respiratory cycle of a spontaneously breathing patient. Increases the
amount of air remaining in the lungs at the end of expiration. Fewer complications than PEEP. Ordered as 5–10 cm H2O.
■ Bilevel Positive Airway Pressure (BiPAP): Same as CPAP but settings can be
adjusted for both inspiration and expiration.

SIMV, CPAP, BiPAP, and PSV can all be used in the weaning process.

General Nursing Care for Mechanically Ventilated
Patients
■ General routine head-to-toe assessment to monitor for complications related
to mechanical ventilation.
■ Check ventilator settings for accuracy, especially rate, tidal volume, FIO2,
PEEP level, and pressure gauge; monitor ABGs after ventilator setting
changes.
■ Assess for oxygen toxicity. Cellular damage causing capillary leak →
pulmonary edema and ARDS. May develop if patient on 100% FIO2 for
>12 hr or >50% FIO2 for >24 hr. Monitor for dyspnea, ↑ lung compliance,
↓ A-a gradient, paresthesia in the extremities, and retrosternal pain. Keep
O2 at lowest possible concentration. Consider PEEP to ↑ FIO2. If patient is
anemic, transfuse RBCs.
■ Administer analgesics, sedation drugs, and neuromuscular blocking agents
as needed.

BASICS


4223_Tab01_001-044 29/08/14 10:46 AM Page 10

BASICS
■ Provide communication methods for patients, and communicate freely with
families.
■ Prevent infection including catheter-associated urinary tract infection
(CAUTI), central catheter-associated bloodstream infection (CLABSI), and
ventilator-associated pneumonia (VAP) (refer to VAP guidelines in
Respiratory tab).
■ Assess readiness to wean.

Weaning
Sample Criteria for Weaning: Readiness
■ Alert and cooperative
■ FIO2 <40%–50% and PEEP <5–8 cm H2O
■ Hemodynamically stable with HR <120 bpm and no significant arrhythmias,
SBP >100 mm Hg
■ pH >7.34
■ PaO2 >80 mm Hg
■ PaCO2 <45 mm Hg
■ PaO2/FIO2 ratio >200
■ ETCO2 <40 mm Hg
■ Vital capacity 15 mL/kg and minute ventilation <10
■ Hemoglobin >7–9 g/dL and serum electrolytes within normal limits
■ Spontaneous respirations >6 bpm or <35 bpm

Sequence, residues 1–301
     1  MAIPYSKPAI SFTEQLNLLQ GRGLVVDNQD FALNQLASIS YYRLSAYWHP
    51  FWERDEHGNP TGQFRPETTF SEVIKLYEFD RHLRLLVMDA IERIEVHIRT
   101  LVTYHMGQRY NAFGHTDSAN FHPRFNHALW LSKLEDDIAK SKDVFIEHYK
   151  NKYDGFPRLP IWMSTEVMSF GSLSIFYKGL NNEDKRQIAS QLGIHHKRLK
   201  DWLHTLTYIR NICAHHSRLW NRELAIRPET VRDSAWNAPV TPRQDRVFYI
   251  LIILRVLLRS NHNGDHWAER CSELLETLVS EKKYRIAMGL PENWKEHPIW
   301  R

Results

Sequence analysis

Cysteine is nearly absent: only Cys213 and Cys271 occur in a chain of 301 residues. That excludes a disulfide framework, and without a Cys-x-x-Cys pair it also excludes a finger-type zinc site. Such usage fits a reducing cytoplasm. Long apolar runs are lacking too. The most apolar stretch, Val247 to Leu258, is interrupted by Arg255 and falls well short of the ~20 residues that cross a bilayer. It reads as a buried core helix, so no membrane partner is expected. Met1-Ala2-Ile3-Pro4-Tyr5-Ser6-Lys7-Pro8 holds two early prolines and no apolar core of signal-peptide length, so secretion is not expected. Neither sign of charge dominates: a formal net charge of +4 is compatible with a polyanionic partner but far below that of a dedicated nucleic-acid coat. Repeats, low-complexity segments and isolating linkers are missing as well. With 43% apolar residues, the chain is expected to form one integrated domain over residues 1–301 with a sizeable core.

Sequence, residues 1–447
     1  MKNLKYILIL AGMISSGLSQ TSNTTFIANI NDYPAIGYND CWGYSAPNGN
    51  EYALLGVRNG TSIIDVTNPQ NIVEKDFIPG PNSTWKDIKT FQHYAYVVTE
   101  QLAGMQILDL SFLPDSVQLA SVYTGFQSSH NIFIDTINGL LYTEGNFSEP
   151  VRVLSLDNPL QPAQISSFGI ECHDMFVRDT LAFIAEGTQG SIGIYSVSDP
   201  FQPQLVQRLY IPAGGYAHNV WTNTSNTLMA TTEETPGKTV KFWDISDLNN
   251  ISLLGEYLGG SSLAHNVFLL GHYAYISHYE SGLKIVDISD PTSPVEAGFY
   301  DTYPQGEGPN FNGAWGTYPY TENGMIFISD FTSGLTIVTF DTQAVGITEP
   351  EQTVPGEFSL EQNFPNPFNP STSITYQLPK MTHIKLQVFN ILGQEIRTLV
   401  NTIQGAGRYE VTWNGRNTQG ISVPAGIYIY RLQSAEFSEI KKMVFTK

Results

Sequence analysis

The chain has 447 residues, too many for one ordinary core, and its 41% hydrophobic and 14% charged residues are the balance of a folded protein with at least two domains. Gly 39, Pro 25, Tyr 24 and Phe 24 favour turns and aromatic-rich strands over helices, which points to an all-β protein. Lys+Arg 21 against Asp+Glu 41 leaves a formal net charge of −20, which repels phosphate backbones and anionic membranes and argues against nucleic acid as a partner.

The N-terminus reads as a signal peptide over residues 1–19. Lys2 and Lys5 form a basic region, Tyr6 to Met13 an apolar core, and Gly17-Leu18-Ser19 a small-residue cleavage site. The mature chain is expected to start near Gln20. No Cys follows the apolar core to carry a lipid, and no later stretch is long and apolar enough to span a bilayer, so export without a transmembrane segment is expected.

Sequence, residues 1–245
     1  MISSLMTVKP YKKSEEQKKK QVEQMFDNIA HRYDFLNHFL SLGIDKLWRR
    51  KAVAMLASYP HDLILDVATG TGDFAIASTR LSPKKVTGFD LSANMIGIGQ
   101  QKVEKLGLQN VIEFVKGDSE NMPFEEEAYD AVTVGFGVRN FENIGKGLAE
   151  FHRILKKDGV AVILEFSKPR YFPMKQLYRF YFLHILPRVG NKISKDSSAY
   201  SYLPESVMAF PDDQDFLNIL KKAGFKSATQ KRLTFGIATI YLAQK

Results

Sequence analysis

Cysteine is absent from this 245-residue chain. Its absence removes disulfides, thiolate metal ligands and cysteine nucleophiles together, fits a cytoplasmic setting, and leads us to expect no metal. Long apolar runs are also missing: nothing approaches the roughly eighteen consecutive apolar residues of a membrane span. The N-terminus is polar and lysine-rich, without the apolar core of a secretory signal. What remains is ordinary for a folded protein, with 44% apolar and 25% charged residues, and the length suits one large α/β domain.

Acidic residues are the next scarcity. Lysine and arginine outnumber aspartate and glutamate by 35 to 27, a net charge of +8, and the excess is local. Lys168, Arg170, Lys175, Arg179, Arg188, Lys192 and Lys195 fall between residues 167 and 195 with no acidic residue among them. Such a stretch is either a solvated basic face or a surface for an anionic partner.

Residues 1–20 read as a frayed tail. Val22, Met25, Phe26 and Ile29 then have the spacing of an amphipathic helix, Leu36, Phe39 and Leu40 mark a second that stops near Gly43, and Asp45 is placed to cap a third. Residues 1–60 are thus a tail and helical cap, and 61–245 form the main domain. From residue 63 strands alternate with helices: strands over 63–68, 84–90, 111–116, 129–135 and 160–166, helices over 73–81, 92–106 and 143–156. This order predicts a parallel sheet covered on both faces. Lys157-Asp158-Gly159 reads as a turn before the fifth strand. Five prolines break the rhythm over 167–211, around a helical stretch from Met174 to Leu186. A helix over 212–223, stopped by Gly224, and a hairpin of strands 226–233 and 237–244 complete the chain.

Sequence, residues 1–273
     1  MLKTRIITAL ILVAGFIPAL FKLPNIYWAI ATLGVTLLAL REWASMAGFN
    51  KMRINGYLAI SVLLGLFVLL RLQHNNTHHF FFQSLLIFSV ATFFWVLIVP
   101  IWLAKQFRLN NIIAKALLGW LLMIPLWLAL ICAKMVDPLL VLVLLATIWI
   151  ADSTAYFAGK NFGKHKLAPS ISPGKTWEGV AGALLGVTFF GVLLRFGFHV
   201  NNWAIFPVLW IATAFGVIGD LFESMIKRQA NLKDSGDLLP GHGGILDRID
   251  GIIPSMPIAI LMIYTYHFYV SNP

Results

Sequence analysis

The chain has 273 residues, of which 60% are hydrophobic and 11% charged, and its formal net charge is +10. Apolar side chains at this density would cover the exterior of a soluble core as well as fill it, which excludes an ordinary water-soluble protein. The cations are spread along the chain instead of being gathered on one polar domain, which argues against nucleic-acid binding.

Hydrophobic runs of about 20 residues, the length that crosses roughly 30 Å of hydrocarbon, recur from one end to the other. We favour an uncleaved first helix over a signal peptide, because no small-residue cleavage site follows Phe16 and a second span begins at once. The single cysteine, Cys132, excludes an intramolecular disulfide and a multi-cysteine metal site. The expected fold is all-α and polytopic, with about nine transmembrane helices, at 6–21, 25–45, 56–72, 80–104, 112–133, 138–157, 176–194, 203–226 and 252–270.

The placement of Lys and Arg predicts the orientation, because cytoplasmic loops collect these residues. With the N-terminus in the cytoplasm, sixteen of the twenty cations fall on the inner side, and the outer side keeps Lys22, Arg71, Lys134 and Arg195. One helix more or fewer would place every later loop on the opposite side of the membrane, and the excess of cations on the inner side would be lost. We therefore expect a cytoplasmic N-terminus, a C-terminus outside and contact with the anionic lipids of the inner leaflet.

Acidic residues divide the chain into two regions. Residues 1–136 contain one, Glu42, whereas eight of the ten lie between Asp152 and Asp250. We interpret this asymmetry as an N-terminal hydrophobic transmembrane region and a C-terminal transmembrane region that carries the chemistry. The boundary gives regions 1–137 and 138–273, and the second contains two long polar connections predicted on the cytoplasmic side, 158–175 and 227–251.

■ Negative inspiratory pressure –30 cm H2O
■ Relatively afebrile with limited respiratory secretions and good cough reflex
■ Good pain management
■ Inotropes reduced or unchanged within previous 24 hr
■ Sedation discontinued
■ Spontaneous breathing trials (SBT)

Weaning Protocol
Hospital Weaning Protocol

Patient’s Readiness for Weaning

Continued

10


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11
Weaning Protocol—cont’d
Hospital Weaning Protocol

Patient’s Readiness for Weaning

Weaning Methods
■ T-tube weaning: Place patient on T-tube circuit on same FIO2 as on ventilatory
assistance. Monitor ABGs after 30 min. Provide a brief rest period on the
ventilator as needed and continue to monitor ABGs until satisfactory.
Extubate when patient is rested, has good spontaneous respiratory effort,
and ABGs within acceptable parameters.
■ SIMV weaning: Decrease SIMV rate every 1–4 hr or 2 breaths/min. Monitor
spontaneous breaths, SpO2 with a goal of >90%, ETCO2, hemodynamics, and
ECG for dysrhythmias. Obtain ABGs within 30 min of ventilator change.
Allows for gradual change from positive pressure ventilation to spontaneous pressure ventilation. Titrate FIO2.
■ PSV: Use low levels of PSV (5–10 cm H2O). Decrease in 3–6 cm of H2O increments. Useful in retraining respiratory muscles from long-term ventilation.
■ CPAP/BiPAP: Provides expiratory support, maintains positive intrathoracic
pressure. BiPAP adds inspiratory support to CPAP. Prevents respiratory muscle
fatigue.

Nursing Assessment During Weaning












Vital signs and hemodynamic stability (PAS, PAD, PCWP, CO, CI)
Dysrhythmias or ECG changes
Oxygenation/efficiency of gas exchange: SaO2 >90% on <40% FIO2
CO2 production and elimination
pH level
Bedside pulmonary function tests
Work of breathing including use of accessory muscles
Adequate clearing of airway though effective coughing
Level of fatigue
Patient discomfort
Adequate nutrition

BASICS


4223_Tab01_001-044 29/08/14 10:46 AM Page 12

BASICS
Ventilator Alarms
Ventilator alarms should never be ignored or turned off. They may be muted or
silenced temporarily until problem is resolved.

Checklist of Common Causes of Ventilator Alarms
Patient causes:









Biting down on endotracheal tube
Patient needing suctioning
Coughing
Gagging on endotracheal tube
Patient “bucking” or not synchronous with the ventilator
Patient attempting to talk
Patient experiencing period of apnea >20 sec
Development of pneumothorax from increasing intrathoracic pressures